Thursday, July 13, 2017

Peterson, double-minded flip-flopper or just a plain old Calvinist

Coming to terms with Patterson on Same-Sex marriage.

Opinion One:

Two articles have come out regarding Eugene Peterson in the past two days that are getting a lot of social-media traction, so I might as well give them a little myself and put in my two cents. The first was an article by Jonathan Merritt and published by the Religion News Service entitled "Eugene Peterson on changing his mind about same-sex issues and marriage." In it, it seems that, as the title would imply, that Eugene Peterson changed his mind about same sex marriage, would perform a same sex marriage and quoted him saying:
I wouldn’t have said this 20 years ago, but now I know a lot of people who are gay and lesbian and they seem to have as good a spiritual life as I do. I think that kind of debate about lesbians and gays might be over. People who disapprove of it, they’ll probably just go to another church. So we’re in a transition and I think it’s a transition for the best, for the good. I don’t think it’s something that you can parade, but it’s not a right or wrong thing as far as I’m concerned.
You can think what you want to about Rev. Peterson's's opinion, but it seems to be pretty clear. Homosexuality and the definition of marriage as being between one man and one woman are outside the realm of argument. It's "not a right or wrong thing" as far as he's concerned. So, that's that. If you disagree with him you should just "go to another church." It's all pretty cut and  dry.

Opinion Two:

Except it isn't. Today another article came out that completely contradicted the first one. That article was written by Kate Shelllnut, was published in Christianity Today and was titled "Actually, Eugene Peterson Does Not Support Same-Sex Marriage." In it, it seems that, as the title would imply, Eugene Peterson does not support same-sex marriage. When it comes to marriage between two people of the same sex, Peterson is quoted in the article as saying "That’s not something I would do out of respect to the congregation, the larger church body, and the historic Biblical Christian view and teaching on marriage." He claims that he affirms "a biblical view of marriage: one man to one woman. I affirm a biblical view of everything."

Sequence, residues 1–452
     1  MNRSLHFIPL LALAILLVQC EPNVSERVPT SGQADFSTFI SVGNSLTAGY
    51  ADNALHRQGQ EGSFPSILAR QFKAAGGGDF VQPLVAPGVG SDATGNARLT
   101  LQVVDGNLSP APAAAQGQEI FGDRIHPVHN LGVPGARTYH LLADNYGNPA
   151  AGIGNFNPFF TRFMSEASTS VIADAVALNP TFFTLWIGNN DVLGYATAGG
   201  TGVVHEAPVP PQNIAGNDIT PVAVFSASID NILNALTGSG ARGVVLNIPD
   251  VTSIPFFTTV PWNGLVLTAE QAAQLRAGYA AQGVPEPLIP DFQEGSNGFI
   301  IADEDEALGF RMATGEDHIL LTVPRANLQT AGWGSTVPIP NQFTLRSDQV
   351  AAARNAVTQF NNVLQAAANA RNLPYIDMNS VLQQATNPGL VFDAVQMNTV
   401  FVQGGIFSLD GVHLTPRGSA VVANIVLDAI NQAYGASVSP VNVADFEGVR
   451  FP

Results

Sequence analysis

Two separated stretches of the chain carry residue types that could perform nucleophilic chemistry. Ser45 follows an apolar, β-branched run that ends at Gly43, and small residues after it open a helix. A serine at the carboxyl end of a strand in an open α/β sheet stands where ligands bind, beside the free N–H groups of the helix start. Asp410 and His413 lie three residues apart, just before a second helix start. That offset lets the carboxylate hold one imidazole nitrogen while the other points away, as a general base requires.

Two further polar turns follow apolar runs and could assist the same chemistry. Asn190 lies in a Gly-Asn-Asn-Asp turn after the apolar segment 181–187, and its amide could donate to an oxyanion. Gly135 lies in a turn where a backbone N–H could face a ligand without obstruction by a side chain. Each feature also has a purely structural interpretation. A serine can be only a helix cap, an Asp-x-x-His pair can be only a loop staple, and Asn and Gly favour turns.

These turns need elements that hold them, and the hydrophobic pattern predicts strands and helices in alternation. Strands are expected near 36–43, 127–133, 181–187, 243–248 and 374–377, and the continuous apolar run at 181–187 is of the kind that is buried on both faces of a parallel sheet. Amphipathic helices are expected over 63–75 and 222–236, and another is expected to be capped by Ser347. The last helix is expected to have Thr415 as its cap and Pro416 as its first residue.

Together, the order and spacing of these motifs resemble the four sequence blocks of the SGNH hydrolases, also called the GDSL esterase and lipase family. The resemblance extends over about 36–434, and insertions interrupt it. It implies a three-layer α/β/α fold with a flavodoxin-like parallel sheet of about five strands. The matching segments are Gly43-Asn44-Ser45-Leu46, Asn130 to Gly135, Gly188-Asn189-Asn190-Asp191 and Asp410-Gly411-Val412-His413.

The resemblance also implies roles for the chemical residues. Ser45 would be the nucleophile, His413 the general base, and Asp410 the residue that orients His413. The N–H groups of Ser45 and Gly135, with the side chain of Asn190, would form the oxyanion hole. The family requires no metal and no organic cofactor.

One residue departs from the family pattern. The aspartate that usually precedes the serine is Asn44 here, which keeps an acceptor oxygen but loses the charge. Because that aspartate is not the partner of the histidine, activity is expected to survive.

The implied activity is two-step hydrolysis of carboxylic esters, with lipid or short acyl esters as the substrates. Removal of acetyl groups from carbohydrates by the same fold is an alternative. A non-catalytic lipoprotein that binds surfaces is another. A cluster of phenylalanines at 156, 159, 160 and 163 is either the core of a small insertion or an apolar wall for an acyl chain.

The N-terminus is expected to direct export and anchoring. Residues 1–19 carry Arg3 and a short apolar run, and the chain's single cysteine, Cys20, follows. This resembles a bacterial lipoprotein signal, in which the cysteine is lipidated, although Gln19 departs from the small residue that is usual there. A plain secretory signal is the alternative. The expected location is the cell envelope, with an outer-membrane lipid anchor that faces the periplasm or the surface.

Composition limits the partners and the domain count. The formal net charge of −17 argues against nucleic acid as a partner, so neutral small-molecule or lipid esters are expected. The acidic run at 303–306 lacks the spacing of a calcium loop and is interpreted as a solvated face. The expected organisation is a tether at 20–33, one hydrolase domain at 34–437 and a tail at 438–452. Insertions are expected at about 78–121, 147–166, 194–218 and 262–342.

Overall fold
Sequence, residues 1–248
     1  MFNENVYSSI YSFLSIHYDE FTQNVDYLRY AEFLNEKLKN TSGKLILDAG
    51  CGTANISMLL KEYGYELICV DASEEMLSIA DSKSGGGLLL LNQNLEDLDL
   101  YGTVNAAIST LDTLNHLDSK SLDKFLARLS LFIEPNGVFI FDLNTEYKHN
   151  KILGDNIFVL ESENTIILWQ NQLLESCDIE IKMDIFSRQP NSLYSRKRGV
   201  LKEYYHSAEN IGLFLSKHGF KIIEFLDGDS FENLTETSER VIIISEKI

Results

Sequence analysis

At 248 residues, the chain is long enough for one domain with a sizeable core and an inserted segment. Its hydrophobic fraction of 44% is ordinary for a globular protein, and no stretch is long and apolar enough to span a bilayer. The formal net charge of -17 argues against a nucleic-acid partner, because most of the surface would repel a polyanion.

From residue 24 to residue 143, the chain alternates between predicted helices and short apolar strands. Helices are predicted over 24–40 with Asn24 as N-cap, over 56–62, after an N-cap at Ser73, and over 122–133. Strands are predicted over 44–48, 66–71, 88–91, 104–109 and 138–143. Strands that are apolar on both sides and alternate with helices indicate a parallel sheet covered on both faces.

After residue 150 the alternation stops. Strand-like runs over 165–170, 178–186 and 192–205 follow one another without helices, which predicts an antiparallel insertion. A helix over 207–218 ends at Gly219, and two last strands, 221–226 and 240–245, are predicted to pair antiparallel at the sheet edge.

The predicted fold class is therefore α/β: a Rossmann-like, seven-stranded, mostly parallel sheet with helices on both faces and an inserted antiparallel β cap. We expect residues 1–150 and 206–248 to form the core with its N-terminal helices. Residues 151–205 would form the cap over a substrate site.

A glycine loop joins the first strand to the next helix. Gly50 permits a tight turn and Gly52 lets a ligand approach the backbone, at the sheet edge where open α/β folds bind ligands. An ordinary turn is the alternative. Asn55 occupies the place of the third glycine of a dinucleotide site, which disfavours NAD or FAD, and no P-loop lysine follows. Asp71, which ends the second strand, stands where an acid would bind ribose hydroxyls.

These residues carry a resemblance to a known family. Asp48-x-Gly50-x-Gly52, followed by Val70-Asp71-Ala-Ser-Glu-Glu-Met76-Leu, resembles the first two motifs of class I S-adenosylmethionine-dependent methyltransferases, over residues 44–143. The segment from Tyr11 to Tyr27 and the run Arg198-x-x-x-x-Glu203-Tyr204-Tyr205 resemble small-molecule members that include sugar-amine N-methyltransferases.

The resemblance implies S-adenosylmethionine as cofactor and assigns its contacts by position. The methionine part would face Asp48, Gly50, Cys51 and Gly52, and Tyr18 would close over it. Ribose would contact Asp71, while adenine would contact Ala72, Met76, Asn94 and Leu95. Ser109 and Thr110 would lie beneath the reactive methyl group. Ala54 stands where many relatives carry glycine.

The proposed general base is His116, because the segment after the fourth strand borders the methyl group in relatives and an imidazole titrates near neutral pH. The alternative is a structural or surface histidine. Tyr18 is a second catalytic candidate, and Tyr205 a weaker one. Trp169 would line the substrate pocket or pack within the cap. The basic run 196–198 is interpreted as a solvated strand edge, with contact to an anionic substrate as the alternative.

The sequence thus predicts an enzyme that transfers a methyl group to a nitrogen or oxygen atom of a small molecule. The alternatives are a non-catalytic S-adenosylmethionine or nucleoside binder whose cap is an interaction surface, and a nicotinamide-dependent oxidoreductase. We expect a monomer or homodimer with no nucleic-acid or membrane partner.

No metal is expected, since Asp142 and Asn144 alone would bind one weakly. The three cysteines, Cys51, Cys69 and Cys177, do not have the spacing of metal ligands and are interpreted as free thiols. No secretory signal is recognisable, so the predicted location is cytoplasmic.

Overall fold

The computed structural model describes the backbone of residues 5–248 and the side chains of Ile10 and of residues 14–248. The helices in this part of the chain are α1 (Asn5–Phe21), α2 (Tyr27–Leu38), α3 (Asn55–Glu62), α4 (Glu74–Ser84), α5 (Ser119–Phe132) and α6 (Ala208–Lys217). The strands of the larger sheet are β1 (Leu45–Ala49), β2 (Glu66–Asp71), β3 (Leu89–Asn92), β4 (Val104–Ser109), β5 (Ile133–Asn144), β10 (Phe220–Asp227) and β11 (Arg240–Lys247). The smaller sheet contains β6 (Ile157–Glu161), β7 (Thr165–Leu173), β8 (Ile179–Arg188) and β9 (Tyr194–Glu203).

That is the exact opposite of what he said in the other article isn't it?


James, who most of protestants believe is Jesus' flesh and blood little brother, had some negative things to say about being double-minded. He said
"If any of you lacks wisdom, let him ask God, who gives generously to all without reproach, and it will be given him. But let him ask in faith, with no doubting, for the one who doubts is like a wave of the sea that is driven and tossed by the wind. For that person must not suppose that he will receive anything from the Lord; he is a double-minded man, unstable in all his ways" (James 1:5-8).
That doesn't seem to be a good thing and I sense a lot of double-mindedness regarding this issue in the two interviews with Peterson. The man seems to be of two opinions. However, I am not sure that means that he "is unstable in all his ways" or that "he will not receive anything from God."